Thatcher Proposes Major Shift in System of Free Health Care
The government today proposed the biggest shake-up in Britain’s free health system since its inception, boosting private health insurance and allowing big hospitals to charge fees.
Prime Minister Margaret Thatcher, in a statement introducing a government policy document, called the plan the “most far-reaching reform of the National Health Service in its 40-year history.”
The opposition Labor Party, which introduced free health care after World War II, accused her Conservative government of setting out to wreck the system.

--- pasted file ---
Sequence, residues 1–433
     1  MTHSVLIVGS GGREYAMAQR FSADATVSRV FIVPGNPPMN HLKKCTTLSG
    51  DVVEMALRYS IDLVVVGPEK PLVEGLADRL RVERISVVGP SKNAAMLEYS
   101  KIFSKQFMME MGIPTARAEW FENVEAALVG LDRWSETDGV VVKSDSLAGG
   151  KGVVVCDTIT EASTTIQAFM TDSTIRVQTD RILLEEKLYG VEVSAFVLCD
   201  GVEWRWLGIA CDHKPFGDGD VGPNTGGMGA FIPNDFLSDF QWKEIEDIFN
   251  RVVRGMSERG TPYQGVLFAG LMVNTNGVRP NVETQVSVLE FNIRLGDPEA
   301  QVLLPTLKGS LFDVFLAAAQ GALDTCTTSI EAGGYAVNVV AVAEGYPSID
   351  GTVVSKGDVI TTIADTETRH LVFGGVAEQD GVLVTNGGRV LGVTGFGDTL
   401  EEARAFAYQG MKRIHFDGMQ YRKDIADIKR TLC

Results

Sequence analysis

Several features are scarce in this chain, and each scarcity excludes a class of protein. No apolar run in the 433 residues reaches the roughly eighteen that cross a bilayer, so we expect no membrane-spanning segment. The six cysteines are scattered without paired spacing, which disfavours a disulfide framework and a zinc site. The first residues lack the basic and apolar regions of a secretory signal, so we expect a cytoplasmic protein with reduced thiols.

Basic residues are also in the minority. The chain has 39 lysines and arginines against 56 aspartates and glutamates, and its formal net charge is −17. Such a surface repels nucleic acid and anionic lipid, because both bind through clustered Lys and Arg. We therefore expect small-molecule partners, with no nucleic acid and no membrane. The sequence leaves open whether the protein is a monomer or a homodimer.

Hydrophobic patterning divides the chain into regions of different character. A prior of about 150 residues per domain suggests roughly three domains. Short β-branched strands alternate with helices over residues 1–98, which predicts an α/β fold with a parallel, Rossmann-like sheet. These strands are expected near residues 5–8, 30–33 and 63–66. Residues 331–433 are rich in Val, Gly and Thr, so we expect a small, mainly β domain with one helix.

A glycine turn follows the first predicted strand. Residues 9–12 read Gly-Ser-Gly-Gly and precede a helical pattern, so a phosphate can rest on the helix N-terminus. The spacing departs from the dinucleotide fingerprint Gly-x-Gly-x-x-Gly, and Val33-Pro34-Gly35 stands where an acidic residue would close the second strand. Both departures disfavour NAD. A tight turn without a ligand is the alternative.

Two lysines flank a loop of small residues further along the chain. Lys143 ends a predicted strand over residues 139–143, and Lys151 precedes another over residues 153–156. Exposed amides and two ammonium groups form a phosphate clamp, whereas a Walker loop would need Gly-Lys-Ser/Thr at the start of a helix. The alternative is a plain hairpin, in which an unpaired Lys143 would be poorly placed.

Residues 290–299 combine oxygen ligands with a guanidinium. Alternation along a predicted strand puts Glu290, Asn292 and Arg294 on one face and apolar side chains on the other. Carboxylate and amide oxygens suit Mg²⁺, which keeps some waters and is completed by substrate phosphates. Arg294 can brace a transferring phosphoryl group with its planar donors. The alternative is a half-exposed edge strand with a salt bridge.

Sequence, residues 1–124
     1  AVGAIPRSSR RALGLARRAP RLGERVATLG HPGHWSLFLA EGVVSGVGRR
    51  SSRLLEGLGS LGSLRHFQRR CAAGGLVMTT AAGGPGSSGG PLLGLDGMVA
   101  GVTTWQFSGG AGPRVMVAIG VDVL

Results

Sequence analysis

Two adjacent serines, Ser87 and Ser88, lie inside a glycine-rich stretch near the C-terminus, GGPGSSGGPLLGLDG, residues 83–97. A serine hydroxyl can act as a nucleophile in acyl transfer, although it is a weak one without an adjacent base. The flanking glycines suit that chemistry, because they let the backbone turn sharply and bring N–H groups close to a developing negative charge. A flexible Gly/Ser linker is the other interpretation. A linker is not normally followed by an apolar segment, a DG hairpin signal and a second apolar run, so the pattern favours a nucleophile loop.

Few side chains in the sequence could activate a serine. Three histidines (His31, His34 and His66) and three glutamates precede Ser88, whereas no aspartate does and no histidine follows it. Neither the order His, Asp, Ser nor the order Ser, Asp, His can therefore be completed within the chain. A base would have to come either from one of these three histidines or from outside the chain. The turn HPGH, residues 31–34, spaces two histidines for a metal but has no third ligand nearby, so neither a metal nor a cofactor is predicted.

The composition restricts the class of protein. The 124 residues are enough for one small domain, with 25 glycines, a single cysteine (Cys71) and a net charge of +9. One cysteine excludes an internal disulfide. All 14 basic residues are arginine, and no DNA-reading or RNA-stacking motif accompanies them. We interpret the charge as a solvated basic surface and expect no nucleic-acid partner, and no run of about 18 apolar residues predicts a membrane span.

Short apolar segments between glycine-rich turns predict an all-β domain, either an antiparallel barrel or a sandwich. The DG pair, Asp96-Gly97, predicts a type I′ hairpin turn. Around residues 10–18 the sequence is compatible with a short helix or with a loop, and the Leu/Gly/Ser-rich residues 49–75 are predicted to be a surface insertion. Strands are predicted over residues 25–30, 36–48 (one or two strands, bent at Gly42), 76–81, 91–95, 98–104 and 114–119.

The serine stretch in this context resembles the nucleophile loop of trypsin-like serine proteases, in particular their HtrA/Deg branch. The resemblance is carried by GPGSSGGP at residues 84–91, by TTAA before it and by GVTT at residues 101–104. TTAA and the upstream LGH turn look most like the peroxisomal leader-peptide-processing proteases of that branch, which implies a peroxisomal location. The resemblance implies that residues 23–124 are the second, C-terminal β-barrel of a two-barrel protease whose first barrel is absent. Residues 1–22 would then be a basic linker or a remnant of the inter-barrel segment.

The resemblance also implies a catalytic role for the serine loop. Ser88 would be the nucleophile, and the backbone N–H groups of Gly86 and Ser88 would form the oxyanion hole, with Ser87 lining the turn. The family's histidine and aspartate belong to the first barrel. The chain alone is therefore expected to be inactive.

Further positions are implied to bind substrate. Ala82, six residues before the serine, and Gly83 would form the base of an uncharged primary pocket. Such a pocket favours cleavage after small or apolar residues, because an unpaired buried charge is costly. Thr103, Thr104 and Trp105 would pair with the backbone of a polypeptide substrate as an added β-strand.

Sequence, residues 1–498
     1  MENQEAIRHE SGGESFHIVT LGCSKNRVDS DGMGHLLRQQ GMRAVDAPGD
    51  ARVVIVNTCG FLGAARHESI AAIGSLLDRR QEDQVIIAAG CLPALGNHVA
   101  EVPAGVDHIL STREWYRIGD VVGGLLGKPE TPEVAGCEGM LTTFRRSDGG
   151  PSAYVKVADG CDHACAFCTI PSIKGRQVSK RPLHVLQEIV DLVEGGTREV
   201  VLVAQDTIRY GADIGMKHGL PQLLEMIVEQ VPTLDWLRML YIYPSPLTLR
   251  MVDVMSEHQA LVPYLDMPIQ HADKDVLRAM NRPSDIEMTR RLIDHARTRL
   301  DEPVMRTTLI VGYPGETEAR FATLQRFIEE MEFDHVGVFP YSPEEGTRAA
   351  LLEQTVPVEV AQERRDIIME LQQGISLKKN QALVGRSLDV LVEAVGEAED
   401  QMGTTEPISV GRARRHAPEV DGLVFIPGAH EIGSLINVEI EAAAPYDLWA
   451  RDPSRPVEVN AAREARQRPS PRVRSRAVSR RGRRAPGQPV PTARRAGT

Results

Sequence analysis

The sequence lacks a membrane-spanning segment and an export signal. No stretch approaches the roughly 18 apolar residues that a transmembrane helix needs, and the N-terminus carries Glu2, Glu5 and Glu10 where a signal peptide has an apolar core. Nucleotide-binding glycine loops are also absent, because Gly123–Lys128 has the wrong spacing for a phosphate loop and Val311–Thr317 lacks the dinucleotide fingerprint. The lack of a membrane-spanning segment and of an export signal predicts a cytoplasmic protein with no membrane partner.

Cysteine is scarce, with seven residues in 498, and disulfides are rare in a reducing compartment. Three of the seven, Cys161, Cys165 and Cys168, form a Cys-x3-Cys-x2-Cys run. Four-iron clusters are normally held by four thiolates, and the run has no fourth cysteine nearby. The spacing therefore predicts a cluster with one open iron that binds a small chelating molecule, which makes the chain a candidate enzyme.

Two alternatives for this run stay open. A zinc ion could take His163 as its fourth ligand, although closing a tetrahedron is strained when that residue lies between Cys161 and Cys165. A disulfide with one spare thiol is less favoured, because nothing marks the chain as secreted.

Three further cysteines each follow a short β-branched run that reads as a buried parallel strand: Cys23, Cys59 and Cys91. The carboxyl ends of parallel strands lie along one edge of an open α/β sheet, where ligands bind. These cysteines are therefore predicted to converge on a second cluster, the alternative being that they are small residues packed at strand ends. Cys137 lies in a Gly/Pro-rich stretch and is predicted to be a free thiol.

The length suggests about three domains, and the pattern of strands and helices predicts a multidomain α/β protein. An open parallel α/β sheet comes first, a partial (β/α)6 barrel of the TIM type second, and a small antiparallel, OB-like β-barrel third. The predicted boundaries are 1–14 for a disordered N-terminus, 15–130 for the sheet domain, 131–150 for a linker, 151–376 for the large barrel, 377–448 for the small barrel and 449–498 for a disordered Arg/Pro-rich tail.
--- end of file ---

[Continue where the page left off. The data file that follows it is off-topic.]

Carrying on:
The plan was seen by some as an attempt to borrow from the American health system, with its emphasis on private care, without increasing spending.
“In other words, excellent care, eventually, for perhaps as much as three-tenths of the population, but deteriorating health care for the remainder,” said Dr. David Owen, a physician who leads the centrist Social Democratic Party.
The service, used by 90% of the population, is popular with voters and Thatcher has held back from exposing it to her strategy of rolling back the frontiers of socialism.